Monumento a Umberto I

NAME: Monument to Umberto I
LOCATION: Piazza Fontana


On July 29, 1900, the King of Italy Umberto I died assassinated in Monza.
As happened in many Italian municipalities, a proposal was made in the Municipality of Ravello to dedicate a monument to the memory of the deceased sovereign.
During the City Council meeting of December 16, 1900, chaired by Mayor Giuseppe Mansi, with the presence of Councilmen Bonaventura Fraulo, Raffaele Conte, Biagio De Cesare, Luigi Sorrentino, Andrea Amalfitano, Luigi Mansi, Bonaventura Pisacane, Francesco Gambardella, Dr. Angelo Ruocco, Tommaso Amato, Francesco Schiavo, Carlo Filippo De Iuliis and Nicola Mansi, an application was submitted by some young people “full of goodwill,” who had formed a commission for the purpose of having a volcanic stone monument erected in memory of the king.
The commission, composed of Ignazio Fraulo di Bonaventura, Nicola Mansi di Francesco, Luigi Cicalese di Lieto and Vincenzo Mari, after obtaining council approval, was charged with raising a sufficient sum for the construction of the monument – to be placed in Largo Vescovado – and with supervising the execution of the work.
The City Administration’s pledge of contribution was 25 liras, while the personal contribution of the Councilors and City Secretary Gerardo Mansi amounted to 54 liras.
At least four years elapsed before its implementation. On February 18, 1904, the City Council, chaired by Mayor Luigi Cicalese di Lieto, with the assistance of Councillors Nicola Mansi and Alessio Mansi, finally approved the expenditure of 25 liras for “the construction of the monument in Largo Vescovado for King Umberto I.
” The expense was liquidated with a mandate dated the following March 4 in favor of elementary school teacher Vincenzo Mari, probably a representative of the commission established in 1900.
The broken column, a symbol of the tragic end of the Head of State, remained in Largo Vescovado until 1929, when the start of the organic transformation to make it a “square”, and the construction of the pipelines for the building of the aqueduct, with the consequent resurfacing of the pavement, decreed its relocation to a space adjoining Piazza Fontana.
In addition to the reasons of practical necessity mentioned above, the resolution of the Prefectural Commissioner Giuseppe Leonetti of April 29, 1929, pointed out, in the following terms, that the work was poorly harmonized with the surrounding architectural emergencies: “…in such a memory (monument) no artistic merit recurs, therefore because of the characters of its style, the modernity of its workmanship and its very poor expression, it is in clear contrast to the solemnity of the ancient artistic temple in whose presence it stands.” Thus, “having gathered the unanimous consent of citizens, artists and authorities for the destination of this remembrance in a more suitable but less eccentric place for it,” he determined its relocation.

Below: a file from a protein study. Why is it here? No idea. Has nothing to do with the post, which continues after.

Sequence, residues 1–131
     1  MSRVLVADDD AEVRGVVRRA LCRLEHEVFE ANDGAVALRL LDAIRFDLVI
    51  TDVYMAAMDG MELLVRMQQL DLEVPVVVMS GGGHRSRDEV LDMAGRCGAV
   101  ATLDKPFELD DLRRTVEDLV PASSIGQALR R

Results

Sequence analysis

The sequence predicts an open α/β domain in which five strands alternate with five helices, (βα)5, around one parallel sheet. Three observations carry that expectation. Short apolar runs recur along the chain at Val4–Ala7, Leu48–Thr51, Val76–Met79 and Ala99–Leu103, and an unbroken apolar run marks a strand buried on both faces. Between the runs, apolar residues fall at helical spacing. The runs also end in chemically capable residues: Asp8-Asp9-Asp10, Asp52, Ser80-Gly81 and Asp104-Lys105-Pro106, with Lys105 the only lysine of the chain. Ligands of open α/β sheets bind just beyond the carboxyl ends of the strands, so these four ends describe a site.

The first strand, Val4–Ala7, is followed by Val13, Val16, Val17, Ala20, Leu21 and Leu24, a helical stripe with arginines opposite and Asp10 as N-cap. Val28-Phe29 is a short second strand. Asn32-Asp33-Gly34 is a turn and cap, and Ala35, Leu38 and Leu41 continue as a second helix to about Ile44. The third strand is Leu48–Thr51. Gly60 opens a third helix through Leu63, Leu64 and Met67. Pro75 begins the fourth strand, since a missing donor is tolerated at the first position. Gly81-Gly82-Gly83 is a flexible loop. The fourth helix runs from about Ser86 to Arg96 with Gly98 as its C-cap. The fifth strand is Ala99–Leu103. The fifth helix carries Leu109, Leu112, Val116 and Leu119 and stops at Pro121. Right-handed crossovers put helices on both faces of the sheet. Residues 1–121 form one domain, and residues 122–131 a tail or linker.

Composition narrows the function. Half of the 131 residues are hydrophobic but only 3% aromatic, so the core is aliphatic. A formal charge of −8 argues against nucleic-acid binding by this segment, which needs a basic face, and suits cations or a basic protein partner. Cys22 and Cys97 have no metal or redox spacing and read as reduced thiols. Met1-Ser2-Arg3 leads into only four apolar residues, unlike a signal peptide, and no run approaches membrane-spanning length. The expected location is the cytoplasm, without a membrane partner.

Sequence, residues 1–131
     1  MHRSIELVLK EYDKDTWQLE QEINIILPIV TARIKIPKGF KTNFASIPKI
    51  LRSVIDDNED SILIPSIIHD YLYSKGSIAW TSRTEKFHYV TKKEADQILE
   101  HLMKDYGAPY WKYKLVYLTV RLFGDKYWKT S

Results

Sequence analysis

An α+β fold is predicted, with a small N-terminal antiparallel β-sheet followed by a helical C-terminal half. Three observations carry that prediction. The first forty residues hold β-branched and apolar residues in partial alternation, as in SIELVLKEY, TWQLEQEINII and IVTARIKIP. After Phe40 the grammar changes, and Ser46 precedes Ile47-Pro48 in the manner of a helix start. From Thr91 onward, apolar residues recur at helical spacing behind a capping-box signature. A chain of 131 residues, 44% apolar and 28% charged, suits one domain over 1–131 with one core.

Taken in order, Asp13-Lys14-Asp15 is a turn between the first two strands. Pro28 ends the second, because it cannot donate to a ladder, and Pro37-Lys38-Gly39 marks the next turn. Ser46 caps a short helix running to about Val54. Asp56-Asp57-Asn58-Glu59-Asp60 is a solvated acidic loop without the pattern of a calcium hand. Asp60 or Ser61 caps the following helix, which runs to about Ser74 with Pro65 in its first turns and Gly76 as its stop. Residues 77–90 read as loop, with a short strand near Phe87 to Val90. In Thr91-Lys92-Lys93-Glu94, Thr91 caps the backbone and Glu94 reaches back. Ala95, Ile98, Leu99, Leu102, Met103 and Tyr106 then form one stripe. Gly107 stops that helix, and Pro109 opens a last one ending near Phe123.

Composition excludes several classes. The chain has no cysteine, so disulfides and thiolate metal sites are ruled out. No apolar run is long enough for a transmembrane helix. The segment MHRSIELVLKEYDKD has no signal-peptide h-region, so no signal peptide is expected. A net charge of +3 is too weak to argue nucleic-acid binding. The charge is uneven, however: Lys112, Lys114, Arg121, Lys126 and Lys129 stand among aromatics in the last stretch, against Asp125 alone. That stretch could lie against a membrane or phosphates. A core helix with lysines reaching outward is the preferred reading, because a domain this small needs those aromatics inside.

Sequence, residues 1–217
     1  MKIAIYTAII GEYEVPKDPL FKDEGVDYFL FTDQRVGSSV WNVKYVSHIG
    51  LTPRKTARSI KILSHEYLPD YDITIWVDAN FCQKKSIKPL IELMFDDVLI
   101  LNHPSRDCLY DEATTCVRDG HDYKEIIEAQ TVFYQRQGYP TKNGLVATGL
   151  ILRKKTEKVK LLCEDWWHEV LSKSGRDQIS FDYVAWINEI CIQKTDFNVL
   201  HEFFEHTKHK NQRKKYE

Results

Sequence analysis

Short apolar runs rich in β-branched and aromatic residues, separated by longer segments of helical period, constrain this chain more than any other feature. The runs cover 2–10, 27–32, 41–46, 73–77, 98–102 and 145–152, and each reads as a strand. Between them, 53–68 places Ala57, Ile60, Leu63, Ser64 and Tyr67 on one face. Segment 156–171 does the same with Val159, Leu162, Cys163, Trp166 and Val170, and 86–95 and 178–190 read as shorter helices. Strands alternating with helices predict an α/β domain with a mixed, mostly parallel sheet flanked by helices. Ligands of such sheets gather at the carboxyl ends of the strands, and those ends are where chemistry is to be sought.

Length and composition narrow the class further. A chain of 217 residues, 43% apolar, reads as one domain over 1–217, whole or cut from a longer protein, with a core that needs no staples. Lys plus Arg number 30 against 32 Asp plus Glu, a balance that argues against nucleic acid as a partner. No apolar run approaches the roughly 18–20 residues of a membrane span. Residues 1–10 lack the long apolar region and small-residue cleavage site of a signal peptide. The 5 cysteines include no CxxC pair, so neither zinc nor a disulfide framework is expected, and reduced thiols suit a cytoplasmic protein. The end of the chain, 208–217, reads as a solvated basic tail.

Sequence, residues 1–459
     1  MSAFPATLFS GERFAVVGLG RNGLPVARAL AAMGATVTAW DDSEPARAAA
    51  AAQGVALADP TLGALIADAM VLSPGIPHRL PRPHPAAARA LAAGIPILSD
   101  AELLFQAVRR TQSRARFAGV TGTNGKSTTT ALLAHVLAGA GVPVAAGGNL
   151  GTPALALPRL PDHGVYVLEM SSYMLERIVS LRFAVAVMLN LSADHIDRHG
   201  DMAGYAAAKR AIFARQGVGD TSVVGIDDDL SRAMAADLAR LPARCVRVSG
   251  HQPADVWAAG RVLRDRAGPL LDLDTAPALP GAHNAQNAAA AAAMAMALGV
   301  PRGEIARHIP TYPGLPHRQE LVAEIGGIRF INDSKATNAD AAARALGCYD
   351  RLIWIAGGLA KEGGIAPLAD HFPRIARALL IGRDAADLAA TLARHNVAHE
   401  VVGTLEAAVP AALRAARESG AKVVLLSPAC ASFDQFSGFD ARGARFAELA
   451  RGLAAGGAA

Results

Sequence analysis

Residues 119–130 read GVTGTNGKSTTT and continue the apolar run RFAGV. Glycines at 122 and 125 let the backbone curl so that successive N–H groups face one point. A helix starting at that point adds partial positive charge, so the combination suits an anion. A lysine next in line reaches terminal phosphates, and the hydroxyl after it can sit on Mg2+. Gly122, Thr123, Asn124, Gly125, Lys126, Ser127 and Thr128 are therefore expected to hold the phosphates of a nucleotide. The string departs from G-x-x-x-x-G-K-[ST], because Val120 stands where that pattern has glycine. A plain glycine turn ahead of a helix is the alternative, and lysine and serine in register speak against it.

The place identified was, as already mentioned, a piece of land adjoining Piazza Fontana, facing the sea, owned by the municipality and Anna Romano.
Having obtained the authorization from the Royal Superintendence of Medieval and Modern Art of Campania for the removal of the column, Prefectural Commissioner Leonetti, in a note dated June 20, 1929, proposed to the owner of the identified area the purchase of part of her property for the price of 1,200 liras, also obliging himself to fence the purchased ground with an iron railing, to fix the access to the rest of the property, as well as to rebuild the room used as a chicken shelter. In January 1930 the purchase of the land was fulfilled, and after a few months the monument was moved to the site that still houses it today because – as the text of the December 16, 1900 City Council resolution stated – “Ravello, which recalls in history glorious ancient precedents, must be proud to leave to posterity such a precious memory.”

SEE, VISIT, FIND: open to the public



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